Bulla Burra Farms is a collaborative family farm formed in 2009 by the joining of two family farms owned by the Gladigau and Schaefer families in the Alawoona / Loxton region of South Australia. Since that time, it has expanded to be producing wheat, barley, canola, chickpeas, lupins, lentils, field peas and canola on 11,000 ha of owned, leased and share farmed land. John Gladigau is considered to be the king of collaboration and between 2016-2018 was a founding member of Farming Together’s Industry Advisory Group.
- A solid return on investment e.g., in average yield seasons, the collaborative business has returned an extra $100K in gross margin gains.
- New economies of scale, particularly with improved machine efficiency. Access to most efficient and up-to-date machinery to improve farming practices.
- Improved farm management decisions based on a corporate structure that is designed for transparency and accountability.
- Flexibility in their farm operations and personal lives – they receive a commercial wage and four weeks annual leave – promoting work/life balance and family time.
The Catalyst for Change
- Increased cost of production.
- From his traditional 2000ha ordinary farm, John started questioning the possibilities for the future: how to create efficiencies and economies of scale.
- John considered collaboration as a way to ignite the future of sharing.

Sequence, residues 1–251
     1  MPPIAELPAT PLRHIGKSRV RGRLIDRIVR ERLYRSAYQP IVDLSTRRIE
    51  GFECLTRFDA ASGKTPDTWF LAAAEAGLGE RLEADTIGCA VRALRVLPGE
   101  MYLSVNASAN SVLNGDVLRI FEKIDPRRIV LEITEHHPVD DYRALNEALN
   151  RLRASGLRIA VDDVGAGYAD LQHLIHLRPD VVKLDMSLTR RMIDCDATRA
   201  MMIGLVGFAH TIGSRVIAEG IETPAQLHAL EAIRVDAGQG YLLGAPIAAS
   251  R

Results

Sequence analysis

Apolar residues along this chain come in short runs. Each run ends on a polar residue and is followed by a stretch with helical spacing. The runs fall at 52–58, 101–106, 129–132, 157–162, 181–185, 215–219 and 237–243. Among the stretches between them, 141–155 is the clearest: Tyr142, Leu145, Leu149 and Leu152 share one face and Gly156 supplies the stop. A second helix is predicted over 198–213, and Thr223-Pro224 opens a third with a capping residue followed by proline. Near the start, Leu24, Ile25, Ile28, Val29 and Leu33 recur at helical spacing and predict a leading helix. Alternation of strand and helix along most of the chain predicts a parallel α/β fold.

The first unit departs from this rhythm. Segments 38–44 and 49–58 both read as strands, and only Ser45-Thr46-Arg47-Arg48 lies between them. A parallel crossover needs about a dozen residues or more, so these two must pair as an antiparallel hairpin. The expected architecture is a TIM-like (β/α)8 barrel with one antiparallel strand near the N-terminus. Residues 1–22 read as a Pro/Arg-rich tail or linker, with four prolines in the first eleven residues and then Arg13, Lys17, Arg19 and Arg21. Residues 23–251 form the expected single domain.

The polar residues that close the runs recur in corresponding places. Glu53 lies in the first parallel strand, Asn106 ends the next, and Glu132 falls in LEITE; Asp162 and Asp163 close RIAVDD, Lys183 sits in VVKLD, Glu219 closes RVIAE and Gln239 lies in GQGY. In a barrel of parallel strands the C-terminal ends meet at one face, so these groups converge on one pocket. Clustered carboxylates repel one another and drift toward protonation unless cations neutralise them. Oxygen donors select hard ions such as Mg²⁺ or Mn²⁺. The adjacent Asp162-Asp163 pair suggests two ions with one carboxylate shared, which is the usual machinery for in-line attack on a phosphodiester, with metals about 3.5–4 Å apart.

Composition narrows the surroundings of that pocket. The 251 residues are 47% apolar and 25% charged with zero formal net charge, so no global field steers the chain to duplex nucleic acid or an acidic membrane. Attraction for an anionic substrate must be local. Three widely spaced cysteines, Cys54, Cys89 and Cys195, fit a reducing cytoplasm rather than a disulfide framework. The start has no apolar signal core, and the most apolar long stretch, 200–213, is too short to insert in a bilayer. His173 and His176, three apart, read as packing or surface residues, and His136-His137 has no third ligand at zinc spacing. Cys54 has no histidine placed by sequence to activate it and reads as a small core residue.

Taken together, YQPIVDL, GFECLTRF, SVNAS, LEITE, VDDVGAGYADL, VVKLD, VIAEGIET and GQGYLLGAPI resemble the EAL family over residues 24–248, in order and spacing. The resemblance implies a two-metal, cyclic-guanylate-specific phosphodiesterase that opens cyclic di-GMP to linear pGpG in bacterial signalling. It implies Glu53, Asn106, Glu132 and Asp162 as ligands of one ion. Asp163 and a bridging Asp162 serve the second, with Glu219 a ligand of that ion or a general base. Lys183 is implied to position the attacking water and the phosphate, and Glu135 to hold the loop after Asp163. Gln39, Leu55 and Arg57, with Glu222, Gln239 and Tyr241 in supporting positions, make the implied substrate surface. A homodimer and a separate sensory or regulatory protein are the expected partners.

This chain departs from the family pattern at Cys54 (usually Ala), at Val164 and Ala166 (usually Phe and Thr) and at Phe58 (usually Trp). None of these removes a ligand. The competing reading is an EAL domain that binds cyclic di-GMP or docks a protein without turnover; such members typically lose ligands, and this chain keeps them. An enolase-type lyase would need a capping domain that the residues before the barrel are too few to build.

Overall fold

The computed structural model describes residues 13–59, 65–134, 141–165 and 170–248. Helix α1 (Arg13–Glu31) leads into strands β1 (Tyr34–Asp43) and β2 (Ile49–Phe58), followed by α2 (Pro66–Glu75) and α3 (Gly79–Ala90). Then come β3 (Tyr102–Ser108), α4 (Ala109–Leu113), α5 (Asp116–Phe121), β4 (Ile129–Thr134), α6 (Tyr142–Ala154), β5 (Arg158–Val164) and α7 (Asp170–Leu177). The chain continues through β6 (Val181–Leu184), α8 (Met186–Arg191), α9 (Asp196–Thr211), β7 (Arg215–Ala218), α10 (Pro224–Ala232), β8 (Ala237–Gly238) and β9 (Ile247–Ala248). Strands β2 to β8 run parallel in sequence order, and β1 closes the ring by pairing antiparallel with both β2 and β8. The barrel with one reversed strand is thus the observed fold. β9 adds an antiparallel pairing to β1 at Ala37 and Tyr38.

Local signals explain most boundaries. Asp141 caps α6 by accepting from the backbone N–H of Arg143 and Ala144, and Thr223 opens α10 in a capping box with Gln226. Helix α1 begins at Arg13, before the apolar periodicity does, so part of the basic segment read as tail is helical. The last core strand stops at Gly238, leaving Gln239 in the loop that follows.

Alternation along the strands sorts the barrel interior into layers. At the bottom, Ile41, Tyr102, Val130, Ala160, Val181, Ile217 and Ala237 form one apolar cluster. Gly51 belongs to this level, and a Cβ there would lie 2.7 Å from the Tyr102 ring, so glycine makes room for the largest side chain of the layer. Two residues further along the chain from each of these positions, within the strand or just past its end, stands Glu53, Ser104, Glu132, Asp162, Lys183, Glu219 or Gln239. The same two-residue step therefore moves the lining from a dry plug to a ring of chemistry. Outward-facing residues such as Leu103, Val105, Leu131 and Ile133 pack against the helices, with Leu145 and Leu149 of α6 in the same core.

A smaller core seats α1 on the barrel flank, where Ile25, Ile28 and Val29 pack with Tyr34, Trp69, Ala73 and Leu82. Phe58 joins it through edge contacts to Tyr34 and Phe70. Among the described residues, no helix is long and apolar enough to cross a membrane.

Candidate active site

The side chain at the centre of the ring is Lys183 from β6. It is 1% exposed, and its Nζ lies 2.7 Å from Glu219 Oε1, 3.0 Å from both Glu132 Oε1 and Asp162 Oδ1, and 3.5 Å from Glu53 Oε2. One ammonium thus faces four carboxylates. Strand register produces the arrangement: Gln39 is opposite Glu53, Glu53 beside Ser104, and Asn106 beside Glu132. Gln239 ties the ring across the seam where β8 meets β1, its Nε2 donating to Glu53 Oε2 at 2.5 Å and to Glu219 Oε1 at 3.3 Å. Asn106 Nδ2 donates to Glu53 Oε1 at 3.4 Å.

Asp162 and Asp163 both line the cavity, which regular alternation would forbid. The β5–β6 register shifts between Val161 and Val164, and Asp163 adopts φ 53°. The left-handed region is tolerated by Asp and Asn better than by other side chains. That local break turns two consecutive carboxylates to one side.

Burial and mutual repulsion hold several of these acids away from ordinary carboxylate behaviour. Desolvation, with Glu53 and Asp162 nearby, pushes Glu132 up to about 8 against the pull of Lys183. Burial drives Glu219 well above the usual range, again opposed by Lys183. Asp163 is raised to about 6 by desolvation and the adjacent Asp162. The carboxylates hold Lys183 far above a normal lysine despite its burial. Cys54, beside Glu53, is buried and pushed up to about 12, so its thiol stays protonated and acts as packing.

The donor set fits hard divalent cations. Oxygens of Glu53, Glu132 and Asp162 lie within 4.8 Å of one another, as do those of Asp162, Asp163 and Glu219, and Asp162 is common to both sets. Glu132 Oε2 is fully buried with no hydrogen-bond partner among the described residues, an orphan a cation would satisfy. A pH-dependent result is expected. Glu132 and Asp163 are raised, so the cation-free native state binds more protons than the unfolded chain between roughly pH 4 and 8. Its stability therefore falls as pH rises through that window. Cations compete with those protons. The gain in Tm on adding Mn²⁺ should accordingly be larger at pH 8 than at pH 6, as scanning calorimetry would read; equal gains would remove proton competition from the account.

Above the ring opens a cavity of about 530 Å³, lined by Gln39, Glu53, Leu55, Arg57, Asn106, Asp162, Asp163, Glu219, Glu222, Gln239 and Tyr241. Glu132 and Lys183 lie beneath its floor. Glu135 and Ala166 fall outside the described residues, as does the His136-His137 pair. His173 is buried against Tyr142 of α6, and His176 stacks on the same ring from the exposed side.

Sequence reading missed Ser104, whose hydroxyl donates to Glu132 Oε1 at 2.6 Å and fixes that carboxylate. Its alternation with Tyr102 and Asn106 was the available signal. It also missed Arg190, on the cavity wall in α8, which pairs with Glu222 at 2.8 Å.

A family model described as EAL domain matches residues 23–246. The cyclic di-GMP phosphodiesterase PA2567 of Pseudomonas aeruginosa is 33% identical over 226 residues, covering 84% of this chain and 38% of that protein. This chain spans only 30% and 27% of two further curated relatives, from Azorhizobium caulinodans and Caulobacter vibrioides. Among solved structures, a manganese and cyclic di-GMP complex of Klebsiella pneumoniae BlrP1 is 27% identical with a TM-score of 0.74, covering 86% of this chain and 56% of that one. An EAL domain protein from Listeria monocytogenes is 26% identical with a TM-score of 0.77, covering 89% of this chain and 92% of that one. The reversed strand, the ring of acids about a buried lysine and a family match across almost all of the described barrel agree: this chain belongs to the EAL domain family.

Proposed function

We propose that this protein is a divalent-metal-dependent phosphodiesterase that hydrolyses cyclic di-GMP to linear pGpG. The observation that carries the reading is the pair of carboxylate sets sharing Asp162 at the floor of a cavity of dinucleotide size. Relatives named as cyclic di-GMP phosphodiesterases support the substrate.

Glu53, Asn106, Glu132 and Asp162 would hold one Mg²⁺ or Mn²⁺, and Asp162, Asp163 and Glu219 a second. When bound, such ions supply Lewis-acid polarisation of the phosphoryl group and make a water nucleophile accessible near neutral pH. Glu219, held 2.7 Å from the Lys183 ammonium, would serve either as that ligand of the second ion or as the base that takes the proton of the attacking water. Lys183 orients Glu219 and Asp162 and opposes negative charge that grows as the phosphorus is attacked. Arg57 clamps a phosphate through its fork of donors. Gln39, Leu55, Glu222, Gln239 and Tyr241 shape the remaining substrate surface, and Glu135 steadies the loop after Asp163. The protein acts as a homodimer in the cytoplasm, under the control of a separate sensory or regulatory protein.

- Through a Nuffield scholarship, John investigated collaborative business structures across the globe.
- Being close friends, John, Robin and their wives, decided to join farms.
- To form a company structure: an operations company that leases the land owned by the two families, (and land owned by others) and purchases/owns its equipment.
- To develop a more profitable and sustainable cropping operation that preserves the integrity and heritage of two distinct family farms.
- Lack of knowledge and understanding about different business structures and opportunities for collaboration.
- Not having effective financial records to assist with future planning and predicting.
- Ineffective communication and interested members having different priorities.
- Thinking you have to be involved in all facets of business operation.
- Find collaborators: Talk to others in the region and or in your industry to locate those who share a similar vision and value with the goal to develop a collaborative business structure together?
- Explore the possibilities: get informed and get creative. What could the future of your business look like?
- Know your strength: Be confident in your passion and area/s of strength. Focus on bringing this expertise to the arrangement to improve efficiency